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DSP Builder for FPGAs: Getting the merit it deserves

14 Sep 2015  | Michael Parker

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For FPGAs to act as accelerators to high performance CPUs, vector support is fundamental to for highly parallel algorithms, with a focus on linear algebra.

Math.h library

Along with native floating-point support comes the need for math functions. DSP Builder provides a full complement of math functions using underlying algorithms that are specifically designed for efficient FPGA implementation.

FPGA design

Due to the high Fmax and low logic usage of the math library, designers no longer need to craft their implementations to minimise use of functions such as divide, square root, trigonometric, logarithm and exponent operators.

System simulation in Mathworks' environment

Complex algorithms must be developed and verified at the system level. Model-based designs allow the system engineer to leverage the extensive capabilities and toolboxes of Mathworks products. Oftentimes, the test bench can be more complex than the algorithm being implemented, so the ability to simulate using MATLAB and Simulink is extremely useful.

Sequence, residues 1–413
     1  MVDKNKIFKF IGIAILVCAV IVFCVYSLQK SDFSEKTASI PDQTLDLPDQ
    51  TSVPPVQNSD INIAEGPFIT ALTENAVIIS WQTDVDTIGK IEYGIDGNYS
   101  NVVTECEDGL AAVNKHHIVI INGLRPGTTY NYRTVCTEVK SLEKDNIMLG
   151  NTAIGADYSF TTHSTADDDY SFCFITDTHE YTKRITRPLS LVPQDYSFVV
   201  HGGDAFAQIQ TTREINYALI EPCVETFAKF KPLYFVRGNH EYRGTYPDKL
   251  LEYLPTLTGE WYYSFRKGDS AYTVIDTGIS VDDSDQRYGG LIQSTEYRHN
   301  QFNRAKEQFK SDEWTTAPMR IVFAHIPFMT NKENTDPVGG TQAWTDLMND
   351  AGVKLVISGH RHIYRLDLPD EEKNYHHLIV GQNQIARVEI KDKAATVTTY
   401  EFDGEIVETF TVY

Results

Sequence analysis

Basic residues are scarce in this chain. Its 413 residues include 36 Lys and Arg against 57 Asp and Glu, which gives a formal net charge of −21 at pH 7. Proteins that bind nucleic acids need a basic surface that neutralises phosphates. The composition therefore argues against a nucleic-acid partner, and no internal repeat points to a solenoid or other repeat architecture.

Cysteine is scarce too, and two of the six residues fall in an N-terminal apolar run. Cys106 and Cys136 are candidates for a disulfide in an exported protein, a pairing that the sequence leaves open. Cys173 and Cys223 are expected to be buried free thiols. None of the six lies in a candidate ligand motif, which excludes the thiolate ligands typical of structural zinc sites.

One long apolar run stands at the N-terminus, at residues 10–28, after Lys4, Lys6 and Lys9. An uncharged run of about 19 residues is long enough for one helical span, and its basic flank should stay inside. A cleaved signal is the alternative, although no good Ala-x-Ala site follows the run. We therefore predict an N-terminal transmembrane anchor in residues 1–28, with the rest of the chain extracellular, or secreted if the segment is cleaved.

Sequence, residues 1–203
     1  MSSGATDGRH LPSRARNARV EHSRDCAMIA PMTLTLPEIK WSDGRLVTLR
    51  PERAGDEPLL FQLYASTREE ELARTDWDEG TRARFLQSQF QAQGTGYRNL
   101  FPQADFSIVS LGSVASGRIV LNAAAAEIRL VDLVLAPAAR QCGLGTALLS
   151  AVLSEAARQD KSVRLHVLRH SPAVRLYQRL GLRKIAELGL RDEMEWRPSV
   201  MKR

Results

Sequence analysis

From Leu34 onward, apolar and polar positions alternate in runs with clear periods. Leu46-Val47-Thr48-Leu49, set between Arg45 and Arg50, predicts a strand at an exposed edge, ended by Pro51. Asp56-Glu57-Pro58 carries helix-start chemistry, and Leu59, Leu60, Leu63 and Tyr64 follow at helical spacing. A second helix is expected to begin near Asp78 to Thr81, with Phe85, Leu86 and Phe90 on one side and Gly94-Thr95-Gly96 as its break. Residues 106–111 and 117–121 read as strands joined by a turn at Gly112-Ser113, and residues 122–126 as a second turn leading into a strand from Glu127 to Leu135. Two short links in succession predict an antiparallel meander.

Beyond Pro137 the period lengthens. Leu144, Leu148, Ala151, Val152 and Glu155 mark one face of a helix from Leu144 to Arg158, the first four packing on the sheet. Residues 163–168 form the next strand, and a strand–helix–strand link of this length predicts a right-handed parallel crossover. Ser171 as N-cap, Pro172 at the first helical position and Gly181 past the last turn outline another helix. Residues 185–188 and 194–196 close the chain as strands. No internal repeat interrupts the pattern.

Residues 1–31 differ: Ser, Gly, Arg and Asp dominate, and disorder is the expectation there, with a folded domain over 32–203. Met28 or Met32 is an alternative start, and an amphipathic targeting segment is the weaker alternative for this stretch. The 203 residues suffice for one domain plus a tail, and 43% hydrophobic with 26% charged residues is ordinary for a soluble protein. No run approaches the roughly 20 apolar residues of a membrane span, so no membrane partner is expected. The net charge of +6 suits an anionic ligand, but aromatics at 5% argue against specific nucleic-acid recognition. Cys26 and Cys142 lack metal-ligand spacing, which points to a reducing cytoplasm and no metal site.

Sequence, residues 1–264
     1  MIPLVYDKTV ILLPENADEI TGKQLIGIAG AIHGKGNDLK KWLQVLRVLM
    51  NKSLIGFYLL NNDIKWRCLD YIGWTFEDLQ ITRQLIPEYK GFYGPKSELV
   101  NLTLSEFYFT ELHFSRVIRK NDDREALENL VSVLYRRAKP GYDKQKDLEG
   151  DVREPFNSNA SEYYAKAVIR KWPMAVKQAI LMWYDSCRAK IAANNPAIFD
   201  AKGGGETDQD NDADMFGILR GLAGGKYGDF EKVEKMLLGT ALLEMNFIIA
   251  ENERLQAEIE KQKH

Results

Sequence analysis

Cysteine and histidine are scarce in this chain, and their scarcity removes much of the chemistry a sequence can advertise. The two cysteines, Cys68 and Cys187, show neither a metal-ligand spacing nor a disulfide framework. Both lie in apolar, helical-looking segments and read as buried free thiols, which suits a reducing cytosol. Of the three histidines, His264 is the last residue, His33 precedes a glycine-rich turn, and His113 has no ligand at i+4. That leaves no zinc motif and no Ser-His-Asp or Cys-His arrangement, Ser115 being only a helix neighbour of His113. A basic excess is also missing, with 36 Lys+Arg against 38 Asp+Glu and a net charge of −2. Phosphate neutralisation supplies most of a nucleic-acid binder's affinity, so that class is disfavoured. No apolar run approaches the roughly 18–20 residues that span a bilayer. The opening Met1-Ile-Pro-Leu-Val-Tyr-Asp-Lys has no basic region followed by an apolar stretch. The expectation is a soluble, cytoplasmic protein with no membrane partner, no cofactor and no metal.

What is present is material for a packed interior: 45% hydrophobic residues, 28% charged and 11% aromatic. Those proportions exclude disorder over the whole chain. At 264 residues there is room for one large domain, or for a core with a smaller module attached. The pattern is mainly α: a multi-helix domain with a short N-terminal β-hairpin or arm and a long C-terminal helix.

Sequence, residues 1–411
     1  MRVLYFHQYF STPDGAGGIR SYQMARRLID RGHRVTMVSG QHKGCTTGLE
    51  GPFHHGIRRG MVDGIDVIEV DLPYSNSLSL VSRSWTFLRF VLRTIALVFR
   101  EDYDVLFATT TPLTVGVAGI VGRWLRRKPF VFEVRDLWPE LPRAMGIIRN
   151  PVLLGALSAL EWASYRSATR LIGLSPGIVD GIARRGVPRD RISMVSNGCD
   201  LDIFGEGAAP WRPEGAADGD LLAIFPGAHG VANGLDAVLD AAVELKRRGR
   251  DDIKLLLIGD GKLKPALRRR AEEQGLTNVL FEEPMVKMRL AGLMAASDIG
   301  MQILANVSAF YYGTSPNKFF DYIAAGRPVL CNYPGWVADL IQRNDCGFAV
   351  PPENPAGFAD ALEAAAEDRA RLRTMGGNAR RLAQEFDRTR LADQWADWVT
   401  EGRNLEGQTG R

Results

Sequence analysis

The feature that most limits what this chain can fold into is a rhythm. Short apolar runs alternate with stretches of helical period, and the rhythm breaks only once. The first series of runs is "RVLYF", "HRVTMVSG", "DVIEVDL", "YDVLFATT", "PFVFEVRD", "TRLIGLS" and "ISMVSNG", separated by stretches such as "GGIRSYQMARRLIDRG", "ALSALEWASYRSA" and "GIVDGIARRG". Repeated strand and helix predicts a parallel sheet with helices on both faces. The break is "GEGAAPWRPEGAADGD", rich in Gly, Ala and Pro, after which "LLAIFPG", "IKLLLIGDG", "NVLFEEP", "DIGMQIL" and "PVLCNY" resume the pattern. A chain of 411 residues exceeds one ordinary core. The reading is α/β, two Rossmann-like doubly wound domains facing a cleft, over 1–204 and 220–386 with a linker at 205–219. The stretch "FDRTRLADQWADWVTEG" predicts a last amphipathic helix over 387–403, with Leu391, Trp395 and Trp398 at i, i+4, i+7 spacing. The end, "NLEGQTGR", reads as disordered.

Simulink simulation

Bit- and cycle-accurate Simulink simulation, automatic verification in RTL simulation and 'System In The Loop' verification on connected hardware

The DSP Builder design can also be simulated within the Mathworks environment, thereby allowing full visibility and easy debug before any hardware is involved. DSP Builder will also provide resource estimations (e.g., logic, DSP blocks, memory) without the need to perform any FPGA compiles, which can be fairly time-consuming. This allows for rapid design space exploration, enabling the designer to make trade-offs and ensure the design will fit into the chosen FPGA prior to invoking synthesis, fitting, and routing. Furthermore, DSP Builder will generate a ModelSim testbench using the same vectors generated by Mathworks testbench, and also run the hardware verification. This certifies the fidelity of the DSP Builder code-generation process, ensuring the behaviour observed in the original Mathworks simulation is faithfully reproduced in hardware.

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